Personally I like Endomondo better. I like how it either shows you the map or the work out on different screens, your fastest and slowest lap and other features I do not see in Runkeeper. But with Runkeeper I get to share and compete with all my friends and even people I don’t know my workouts and as we all know working out has to do with competition, even if Runkeepers calls it a “street team”.

The OS world can be a bit daunting and confusing. Most people use Windows because it’s the only OS they know, but there are alternatives like Mac OSx or Linux that work better and are easier to use. The problem is people don’t know about them.

Another one of these great alternatives is Jolicloud, an OS for netbooks. Jolicloud was created by my friend Tariq Krim, who is also the founder of Netvibes. Jolicloud is free, and because it’s Linux-based there’s no need for an antivirus! It’s a social OS with more than 300 free open source applications, created and shared by the Jolicloud community. All your data gets stored in the cloud so you can access it from any computer connected to the Internet. The very best thing about this OS is its speed; does your netbook draaaag trying to run Windows? Try Jolicloud and watch it fly!

In fact, it works so well in netbooks that the British IB School in Costa del Sol, Spain, installed Jolicloud in the 400 EEEpcs they bought for their students. Initially, the kids were confused with the new enviroment, but as soon as they learned to use it, they realized that it was easier, better and more versatile than Windows in most aspects.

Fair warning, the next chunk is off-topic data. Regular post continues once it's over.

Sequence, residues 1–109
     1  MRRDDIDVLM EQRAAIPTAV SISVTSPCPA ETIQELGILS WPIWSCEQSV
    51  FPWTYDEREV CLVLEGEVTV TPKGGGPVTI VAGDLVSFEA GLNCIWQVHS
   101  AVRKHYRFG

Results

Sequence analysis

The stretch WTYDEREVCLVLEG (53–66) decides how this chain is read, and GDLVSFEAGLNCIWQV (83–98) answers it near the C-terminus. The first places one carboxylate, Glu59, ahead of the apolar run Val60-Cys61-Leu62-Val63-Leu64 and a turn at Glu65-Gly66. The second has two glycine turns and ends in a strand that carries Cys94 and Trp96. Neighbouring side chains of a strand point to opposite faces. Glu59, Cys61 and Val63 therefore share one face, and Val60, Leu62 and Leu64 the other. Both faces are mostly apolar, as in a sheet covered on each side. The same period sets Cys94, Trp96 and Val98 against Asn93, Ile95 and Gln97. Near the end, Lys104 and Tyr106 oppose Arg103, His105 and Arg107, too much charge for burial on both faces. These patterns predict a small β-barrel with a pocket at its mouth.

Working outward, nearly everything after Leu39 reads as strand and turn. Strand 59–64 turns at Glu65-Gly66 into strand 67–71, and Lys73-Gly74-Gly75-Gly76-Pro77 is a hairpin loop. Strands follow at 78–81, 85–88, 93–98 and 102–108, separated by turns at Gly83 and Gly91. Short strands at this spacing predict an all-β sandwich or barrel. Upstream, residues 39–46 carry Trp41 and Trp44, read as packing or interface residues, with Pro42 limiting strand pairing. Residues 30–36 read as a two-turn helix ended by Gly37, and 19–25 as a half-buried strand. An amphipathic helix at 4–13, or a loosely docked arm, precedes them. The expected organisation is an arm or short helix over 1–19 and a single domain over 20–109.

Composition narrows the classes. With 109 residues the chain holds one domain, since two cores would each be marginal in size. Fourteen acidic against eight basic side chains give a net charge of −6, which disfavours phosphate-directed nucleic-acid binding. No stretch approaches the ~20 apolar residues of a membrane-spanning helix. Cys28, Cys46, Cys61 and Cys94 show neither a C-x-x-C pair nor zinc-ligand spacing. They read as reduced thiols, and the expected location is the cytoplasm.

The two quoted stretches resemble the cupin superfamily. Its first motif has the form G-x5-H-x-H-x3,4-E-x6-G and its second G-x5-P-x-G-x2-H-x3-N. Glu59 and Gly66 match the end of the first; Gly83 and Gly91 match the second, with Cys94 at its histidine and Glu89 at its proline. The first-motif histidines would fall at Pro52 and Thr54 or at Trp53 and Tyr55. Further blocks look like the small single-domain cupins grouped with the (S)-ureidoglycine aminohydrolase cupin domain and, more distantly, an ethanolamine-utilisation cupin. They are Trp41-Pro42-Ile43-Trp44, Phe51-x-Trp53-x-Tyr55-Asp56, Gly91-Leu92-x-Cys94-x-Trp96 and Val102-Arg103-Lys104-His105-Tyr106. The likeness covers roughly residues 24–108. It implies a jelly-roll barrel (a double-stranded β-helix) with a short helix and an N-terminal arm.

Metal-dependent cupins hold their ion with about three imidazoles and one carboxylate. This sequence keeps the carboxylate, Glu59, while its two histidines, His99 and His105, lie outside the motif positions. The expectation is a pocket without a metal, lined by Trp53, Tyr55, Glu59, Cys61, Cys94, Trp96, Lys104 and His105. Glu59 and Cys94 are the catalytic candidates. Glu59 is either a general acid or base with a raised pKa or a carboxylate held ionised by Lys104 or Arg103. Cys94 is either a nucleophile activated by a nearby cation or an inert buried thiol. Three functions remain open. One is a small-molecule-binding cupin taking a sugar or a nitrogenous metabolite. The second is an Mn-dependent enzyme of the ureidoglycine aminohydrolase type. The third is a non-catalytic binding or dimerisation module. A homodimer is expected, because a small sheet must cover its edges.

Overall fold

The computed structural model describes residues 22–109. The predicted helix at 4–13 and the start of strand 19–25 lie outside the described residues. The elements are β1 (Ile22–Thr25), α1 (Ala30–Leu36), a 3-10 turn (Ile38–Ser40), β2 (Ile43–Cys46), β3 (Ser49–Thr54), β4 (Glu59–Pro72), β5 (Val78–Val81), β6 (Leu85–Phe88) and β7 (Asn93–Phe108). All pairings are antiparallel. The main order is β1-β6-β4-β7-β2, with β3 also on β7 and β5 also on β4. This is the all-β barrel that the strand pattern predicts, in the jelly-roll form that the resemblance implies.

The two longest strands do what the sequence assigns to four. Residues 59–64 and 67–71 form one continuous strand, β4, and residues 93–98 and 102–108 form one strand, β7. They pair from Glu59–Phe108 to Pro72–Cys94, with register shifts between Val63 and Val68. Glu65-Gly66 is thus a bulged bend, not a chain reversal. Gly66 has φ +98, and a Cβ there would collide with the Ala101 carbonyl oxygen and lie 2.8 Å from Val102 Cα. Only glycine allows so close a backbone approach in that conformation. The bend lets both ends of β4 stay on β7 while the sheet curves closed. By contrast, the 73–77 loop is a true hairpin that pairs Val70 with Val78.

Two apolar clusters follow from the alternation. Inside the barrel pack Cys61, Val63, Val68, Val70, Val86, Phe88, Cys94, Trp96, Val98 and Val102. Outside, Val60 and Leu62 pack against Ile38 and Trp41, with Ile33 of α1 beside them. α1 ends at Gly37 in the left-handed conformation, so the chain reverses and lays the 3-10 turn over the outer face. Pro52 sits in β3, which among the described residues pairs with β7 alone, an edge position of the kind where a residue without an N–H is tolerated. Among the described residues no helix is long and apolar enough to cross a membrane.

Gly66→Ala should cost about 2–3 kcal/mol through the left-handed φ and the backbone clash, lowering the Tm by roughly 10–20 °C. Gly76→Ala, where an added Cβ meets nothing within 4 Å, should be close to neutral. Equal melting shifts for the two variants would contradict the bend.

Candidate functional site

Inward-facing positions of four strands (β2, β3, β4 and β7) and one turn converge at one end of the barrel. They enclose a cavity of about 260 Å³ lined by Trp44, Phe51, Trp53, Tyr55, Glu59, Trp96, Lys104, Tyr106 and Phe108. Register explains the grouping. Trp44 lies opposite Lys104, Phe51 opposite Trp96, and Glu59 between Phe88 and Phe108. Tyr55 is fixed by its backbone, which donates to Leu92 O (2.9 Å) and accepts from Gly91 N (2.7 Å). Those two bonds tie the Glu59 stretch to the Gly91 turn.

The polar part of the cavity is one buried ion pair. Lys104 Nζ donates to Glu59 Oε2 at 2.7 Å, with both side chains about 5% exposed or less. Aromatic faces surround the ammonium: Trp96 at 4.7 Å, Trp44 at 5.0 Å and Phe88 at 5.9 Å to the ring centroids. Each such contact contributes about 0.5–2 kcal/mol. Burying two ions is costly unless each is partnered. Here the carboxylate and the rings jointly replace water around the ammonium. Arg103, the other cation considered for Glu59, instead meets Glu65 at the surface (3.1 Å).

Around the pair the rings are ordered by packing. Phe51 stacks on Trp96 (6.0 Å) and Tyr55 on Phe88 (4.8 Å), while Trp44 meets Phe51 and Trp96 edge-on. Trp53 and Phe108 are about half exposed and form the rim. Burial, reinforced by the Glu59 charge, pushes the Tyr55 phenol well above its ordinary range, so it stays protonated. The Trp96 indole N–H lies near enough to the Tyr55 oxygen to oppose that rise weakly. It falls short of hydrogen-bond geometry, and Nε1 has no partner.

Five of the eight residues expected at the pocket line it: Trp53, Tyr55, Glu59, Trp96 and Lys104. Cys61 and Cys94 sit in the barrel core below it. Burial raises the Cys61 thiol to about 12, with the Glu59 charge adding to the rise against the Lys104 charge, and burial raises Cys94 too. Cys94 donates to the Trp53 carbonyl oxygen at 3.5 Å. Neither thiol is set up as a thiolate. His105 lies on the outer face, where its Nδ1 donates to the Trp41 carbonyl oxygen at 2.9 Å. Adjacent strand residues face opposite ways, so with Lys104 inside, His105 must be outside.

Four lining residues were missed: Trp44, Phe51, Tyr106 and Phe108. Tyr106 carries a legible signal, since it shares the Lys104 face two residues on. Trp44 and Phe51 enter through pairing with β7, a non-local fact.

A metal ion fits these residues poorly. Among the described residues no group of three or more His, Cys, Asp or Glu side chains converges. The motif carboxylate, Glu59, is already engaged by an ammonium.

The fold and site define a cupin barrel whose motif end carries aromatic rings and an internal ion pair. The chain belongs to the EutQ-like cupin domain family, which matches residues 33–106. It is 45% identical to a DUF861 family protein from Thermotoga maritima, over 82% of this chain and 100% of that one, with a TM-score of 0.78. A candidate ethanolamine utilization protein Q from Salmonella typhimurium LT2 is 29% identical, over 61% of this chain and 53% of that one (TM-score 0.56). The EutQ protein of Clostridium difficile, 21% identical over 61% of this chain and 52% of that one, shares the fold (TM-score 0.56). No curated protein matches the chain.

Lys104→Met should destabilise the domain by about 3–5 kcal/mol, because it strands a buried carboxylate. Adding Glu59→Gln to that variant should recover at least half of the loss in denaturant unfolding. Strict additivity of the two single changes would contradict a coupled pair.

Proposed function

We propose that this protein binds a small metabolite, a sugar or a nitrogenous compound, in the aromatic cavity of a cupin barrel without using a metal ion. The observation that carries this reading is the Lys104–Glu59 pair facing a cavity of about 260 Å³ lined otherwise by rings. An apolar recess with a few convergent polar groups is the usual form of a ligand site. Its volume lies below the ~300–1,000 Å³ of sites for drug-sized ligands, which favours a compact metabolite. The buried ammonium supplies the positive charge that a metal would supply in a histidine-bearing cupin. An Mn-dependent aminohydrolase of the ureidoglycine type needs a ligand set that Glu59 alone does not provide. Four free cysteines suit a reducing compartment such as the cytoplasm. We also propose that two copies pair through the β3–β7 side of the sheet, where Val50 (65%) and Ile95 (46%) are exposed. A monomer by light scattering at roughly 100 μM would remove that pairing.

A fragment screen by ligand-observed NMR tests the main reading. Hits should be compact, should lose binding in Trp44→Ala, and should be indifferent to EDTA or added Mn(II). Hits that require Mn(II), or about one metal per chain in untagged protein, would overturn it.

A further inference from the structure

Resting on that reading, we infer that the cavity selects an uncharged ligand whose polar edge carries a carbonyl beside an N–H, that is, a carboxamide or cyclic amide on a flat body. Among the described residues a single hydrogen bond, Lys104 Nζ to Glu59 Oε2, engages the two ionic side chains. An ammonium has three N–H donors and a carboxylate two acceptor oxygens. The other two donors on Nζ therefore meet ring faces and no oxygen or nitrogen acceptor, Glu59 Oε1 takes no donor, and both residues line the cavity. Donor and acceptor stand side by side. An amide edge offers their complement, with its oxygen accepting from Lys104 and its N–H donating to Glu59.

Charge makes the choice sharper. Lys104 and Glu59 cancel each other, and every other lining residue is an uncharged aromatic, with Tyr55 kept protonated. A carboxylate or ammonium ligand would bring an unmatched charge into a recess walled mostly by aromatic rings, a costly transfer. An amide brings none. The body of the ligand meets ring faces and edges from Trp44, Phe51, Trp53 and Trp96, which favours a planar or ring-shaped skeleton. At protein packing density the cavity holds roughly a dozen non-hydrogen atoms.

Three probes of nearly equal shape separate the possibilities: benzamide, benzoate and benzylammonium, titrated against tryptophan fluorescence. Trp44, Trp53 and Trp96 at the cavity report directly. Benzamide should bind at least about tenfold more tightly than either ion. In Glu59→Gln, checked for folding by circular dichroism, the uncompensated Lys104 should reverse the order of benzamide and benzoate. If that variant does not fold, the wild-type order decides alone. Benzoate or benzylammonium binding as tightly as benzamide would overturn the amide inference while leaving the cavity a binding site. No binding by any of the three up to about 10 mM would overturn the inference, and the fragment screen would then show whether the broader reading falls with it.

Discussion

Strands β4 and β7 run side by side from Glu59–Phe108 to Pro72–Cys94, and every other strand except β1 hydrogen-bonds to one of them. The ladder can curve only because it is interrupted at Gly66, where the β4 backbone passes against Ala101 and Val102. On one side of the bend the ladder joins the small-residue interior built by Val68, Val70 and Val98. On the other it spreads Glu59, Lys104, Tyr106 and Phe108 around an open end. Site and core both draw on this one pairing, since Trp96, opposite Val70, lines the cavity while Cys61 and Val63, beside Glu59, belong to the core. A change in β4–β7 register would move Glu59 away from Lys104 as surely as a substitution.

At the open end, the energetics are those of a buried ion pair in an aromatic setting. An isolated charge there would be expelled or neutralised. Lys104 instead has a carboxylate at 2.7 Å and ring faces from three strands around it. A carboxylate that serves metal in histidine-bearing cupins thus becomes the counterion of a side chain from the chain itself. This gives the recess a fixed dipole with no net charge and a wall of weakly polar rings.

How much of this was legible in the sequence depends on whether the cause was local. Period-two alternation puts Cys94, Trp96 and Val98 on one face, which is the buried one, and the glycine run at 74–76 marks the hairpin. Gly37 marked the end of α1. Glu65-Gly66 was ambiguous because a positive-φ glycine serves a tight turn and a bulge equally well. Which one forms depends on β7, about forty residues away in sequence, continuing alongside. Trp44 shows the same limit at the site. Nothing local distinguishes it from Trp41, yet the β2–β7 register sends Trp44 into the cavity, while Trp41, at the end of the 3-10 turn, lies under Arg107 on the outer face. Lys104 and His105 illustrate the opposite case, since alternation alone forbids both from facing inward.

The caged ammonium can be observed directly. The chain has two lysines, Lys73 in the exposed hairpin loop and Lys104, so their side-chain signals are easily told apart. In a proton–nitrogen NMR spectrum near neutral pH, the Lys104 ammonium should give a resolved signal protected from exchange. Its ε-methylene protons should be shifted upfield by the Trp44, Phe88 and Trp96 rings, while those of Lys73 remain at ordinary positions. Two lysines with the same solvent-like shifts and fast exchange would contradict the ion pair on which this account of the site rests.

I’m really happy for Tariq, and I hope Jolicloud continues to grow!

Mahmoud Ahmadinejad is the current President of Iran. Benjamin Netanyahu is the Prime Minister from Israel. Both leaders are disliked by many of their own citizens and people around the world. But then very much liked by some as well. What follows is a poll focused on their image outside of their countries. The question is which leader do you trust more or dislike least for the region.

Based on what you have seen on the press, blogs, TV… everything you know about these leaders, if you had to choose between them, who would you like more or dislike least?

Polldaddy seems to be working poorly right now but votes are being counted.

What follows is a story of death and rebirth.

Ever since the Internet exploded there has been a fear of printed magazines and newspapers becoming obsolete in favor of the new media. And that has been mostly true. But now the iPad with its magazine format, has given out of print publications a new opportunity. Gourmet Live is one of these.